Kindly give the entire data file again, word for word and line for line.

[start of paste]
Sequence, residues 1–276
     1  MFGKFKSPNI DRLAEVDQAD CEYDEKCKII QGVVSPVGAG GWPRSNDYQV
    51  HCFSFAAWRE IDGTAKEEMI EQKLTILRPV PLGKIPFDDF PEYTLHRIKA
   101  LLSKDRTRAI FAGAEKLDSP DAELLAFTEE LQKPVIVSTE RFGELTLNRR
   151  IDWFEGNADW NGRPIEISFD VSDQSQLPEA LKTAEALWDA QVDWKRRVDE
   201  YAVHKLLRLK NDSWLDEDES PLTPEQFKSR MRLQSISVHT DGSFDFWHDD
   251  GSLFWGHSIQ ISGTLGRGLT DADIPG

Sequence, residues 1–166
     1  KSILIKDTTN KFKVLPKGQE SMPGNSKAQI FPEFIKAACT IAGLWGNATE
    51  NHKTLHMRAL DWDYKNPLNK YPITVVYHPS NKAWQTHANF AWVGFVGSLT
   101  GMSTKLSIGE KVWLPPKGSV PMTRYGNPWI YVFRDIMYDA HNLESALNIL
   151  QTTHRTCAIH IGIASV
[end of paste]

Sequence, residues 1–276
     1  MFGKFKSPNI DRLAEVDQAD CEYDEKCKII QGVVSPVGAG GWPRSNDYQV
    51  HCFSFAAWRE IDGTAKEEMI EQKLTILRPV PLGKIPFDDF PEYTLHRIKA
   101  LLSKDRTRAI FAGAEKLDSP DAELLAFTEE LQKPVIVSTE RFGELTLNRR
   151  IDWFEGNADW NGRPIEISFD VSDQSQLPEA LKTAEALWDA QVDWKRRVDE
   201  YAVHKLLRLK NDSWLDEDES PLTPEQFKSR MRLQSISVHT DGSFDFWHDD
   251  GSLFWGHSIQ ISGTLGRGLT DADIPG

Sequence, residues 1–166
     1  KSILIKDTTN KFKVLPKGQE SMPGNSKAQI FPEFIKAACT IAGLWGNATE
    51  NHKTLHMRAL DWDYKNPLNK YPITVVYHPS NKAWQTHANF AWVGFVGSLT
   101  GMSTKLSIGE KVWLPPKGSV PMTRYGNPWI YVFRDIMYDA HNLESALNIL
   151  QTTHRTCAIH IGIASV